Here's the summary of our tutorial

Practical Applications of Agile (Web) Testing Tools

Have Web site? Need testing? Bring your tired (code), huddled (unit
tests), and cranky AJAX to us; we'll help you come up with tactics,
techniques, and infrastructure to help solve your problems. This
includes integration with a unit test runner (nose); use of coverage
analysis (figleaf); straight HTTP driver Web testing (twill); Web
recording, examination, and playback (scotch); Selenium and Selenium
RC test script development; and continuous integration (buildbot).
We will focus on techniques for automating your Web testing for quick
turnaround, i.e. "agile" test automation.
If you have an application that needs automated tests, and if you're planning to attend our tutorial, drop us a line or leave a comment here with some details about your application.

10 technologies that will change your future

...according to an article in the Sydney Morning Herald (found via the O'Reilly Radar). Personally, I just want a chumby.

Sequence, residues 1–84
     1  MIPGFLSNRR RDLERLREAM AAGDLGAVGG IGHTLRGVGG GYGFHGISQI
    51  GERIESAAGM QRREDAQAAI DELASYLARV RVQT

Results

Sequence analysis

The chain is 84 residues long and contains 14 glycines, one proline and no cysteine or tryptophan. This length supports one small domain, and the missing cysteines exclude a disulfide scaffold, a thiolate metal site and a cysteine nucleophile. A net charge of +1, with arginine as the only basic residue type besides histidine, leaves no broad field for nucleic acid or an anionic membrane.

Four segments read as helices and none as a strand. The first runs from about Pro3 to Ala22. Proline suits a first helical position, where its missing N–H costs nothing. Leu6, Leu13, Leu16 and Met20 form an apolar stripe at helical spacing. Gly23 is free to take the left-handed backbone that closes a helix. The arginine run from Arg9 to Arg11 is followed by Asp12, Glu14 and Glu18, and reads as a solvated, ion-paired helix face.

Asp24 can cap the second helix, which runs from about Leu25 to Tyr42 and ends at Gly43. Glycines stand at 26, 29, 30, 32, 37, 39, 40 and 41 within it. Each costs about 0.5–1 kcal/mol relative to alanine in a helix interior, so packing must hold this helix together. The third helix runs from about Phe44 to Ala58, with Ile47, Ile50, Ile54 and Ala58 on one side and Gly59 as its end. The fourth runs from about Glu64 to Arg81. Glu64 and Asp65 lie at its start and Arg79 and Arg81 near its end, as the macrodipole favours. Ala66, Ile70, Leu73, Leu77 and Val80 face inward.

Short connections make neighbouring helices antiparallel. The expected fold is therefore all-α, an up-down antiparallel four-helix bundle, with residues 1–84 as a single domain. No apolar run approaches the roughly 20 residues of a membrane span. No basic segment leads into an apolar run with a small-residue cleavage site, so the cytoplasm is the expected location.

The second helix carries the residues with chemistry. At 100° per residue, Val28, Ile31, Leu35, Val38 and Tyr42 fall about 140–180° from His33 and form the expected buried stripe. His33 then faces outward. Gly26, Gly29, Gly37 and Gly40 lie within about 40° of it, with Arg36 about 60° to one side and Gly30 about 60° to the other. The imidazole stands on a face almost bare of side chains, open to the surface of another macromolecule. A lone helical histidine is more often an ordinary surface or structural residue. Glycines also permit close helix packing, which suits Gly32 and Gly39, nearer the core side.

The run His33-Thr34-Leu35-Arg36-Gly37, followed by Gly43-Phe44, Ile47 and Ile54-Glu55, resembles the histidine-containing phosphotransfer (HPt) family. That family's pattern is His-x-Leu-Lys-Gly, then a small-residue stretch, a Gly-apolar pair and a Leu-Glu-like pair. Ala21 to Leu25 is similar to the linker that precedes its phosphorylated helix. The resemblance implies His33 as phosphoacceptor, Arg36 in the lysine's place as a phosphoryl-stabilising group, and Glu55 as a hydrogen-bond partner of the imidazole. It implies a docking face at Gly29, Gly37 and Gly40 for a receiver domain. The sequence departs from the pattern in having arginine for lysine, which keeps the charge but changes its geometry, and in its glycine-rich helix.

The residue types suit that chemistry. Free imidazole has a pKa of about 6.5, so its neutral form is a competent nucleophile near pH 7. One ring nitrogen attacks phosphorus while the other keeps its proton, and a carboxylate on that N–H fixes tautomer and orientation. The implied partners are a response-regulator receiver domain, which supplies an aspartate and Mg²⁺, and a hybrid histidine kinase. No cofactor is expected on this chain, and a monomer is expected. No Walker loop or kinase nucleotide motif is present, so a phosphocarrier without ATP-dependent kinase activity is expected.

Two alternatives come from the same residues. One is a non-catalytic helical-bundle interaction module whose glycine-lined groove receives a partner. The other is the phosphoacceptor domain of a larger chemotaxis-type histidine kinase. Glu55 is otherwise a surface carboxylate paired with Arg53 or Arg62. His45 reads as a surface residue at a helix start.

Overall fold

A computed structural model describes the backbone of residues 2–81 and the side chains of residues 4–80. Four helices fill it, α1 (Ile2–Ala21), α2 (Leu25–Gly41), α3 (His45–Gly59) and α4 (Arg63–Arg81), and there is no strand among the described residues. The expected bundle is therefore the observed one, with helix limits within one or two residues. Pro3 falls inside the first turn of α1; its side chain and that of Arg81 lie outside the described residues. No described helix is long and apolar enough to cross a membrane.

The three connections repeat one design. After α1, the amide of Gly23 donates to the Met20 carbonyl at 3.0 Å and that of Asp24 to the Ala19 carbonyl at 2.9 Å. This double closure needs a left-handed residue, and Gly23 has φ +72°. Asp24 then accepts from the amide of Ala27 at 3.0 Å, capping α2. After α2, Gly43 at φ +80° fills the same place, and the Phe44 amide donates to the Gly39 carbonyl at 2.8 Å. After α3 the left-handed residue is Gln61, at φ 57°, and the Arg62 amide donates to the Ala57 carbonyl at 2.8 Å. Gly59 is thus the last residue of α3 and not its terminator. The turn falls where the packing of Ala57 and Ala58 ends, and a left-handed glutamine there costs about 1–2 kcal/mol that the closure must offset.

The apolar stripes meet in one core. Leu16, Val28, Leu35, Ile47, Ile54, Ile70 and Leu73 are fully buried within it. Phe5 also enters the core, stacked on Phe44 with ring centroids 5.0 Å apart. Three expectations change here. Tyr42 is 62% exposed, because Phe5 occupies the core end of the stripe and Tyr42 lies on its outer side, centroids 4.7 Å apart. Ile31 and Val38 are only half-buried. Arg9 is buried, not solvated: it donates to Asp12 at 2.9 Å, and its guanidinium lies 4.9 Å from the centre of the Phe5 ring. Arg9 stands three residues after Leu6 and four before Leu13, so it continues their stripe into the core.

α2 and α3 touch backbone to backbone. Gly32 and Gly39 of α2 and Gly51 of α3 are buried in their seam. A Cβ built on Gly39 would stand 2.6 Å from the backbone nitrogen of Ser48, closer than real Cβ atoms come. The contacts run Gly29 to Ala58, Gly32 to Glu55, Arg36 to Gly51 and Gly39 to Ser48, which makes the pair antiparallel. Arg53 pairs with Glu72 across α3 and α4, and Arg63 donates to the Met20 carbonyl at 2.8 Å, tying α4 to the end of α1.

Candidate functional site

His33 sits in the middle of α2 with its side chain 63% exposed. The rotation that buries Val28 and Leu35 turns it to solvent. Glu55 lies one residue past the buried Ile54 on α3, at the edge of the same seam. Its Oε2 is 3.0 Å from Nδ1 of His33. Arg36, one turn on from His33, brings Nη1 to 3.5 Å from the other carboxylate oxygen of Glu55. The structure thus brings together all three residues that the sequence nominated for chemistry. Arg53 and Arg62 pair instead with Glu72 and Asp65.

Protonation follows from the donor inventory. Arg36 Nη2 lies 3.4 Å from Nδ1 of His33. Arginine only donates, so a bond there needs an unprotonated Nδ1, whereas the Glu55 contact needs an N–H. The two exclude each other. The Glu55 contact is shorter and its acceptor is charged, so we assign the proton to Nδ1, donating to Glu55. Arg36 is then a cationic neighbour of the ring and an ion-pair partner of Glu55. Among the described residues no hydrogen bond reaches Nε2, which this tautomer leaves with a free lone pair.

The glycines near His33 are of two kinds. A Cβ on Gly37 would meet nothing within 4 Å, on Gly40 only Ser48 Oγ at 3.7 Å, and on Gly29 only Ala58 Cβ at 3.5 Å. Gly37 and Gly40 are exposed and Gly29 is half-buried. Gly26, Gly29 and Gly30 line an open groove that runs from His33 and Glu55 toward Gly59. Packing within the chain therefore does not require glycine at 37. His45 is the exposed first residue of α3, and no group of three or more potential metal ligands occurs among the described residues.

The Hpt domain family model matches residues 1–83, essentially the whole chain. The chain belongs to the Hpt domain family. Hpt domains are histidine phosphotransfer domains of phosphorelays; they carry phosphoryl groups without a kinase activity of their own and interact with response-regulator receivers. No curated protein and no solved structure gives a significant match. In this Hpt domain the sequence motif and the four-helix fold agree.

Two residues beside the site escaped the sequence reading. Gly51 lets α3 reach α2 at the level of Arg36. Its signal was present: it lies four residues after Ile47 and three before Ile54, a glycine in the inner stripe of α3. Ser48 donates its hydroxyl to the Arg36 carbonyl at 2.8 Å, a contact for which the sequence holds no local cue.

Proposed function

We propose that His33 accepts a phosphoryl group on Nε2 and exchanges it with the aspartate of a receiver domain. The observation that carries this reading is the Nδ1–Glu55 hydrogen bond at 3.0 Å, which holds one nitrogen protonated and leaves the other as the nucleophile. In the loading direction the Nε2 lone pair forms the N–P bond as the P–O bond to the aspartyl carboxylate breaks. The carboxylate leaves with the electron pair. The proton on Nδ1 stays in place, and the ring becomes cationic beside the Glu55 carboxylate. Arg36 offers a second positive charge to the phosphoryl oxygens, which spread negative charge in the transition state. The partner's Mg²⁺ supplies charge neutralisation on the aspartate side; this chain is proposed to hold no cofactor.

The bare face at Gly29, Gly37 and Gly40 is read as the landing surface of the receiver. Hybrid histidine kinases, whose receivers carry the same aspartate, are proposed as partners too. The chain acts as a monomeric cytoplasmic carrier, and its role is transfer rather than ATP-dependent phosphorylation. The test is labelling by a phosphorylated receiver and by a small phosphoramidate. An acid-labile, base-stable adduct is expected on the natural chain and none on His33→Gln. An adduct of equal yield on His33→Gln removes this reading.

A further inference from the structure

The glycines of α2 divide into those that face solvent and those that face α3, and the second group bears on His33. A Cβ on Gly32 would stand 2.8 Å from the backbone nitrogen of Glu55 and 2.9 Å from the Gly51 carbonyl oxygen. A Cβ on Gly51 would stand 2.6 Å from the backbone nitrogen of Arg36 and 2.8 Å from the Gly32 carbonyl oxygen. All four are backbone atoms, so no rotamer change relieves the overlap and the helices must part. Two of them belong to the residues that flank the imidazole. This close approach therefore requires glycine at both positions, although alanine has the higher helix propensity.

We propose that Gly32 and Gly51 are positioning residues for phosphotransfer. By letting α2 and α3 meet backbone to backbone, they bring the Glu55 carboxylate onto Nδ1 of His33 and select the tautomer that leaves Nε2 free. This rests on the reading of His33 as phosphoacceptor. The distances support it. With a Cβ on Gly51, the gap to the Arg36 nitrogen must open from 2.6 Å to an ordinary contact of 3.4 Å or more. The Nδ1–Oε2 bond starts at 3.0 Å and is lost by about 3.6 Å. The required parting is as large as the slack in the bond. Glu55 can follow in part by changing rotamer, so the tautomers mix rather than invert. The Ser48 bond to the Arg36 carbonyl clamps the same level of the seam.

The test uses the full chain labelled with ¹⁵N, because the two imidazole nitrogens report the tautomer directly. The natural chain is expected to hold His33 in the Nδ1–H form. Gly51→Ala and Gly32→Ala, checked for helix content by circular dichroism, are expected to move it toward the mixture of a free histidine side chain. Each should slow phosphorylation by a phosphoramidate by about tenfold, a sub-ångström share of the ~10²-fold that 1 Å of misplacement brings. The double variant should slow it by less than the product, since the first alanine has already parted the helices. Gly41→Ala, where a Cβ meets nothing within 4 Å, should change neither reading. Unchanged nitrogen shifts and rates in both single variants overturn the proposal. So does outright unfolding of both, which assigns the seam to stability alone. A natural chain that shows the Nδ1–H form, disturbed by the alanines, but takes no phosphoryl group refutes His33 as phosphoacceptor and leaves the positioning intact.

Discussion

What's with the rants?

Some stars may have been aligned in a particularly nasty way on December 31, 2007, which might explain some rants that were published on various blogs. One of them at least has the quality of being humorous in a scatological sort of way: 'Rails is a Ghetto' by Zed Shaw, the creator of Mongrel -- although I'm fairly sure it doesn't seem humorous to the people he names in his post; and BTW, make sure there are no kids around when you read that post. I'd like to meet Zed one day, he's an interesting character who sure wears his heart on his sleeve.

I didn't find much humor though in James Bennett's rant against a blog post written by Noah Gift. I did find many gratuitous insults and uncalled for name-calling. As somebody said already -- chill, James! The comments on James's post are also revealing in their variety. Good thing the Python community also contains people like Ian Bicking who are trying to inject some civility and sanity into this.

For the record, I agree with Noah that documentation and marketing are two extremely important driving forces in the adoption of any framework. RoR's success is in no small part due to documentation, flashy screencasts and tireless marketing. And I also agree that Zope and its descendants would be so much better off with more marketing.

Modifying EC2 security groups via AWS Lambda functions

One task that comes up again and again is adding, removing or updating source CIDR blocks in various security groups in an EC2 infrastructur...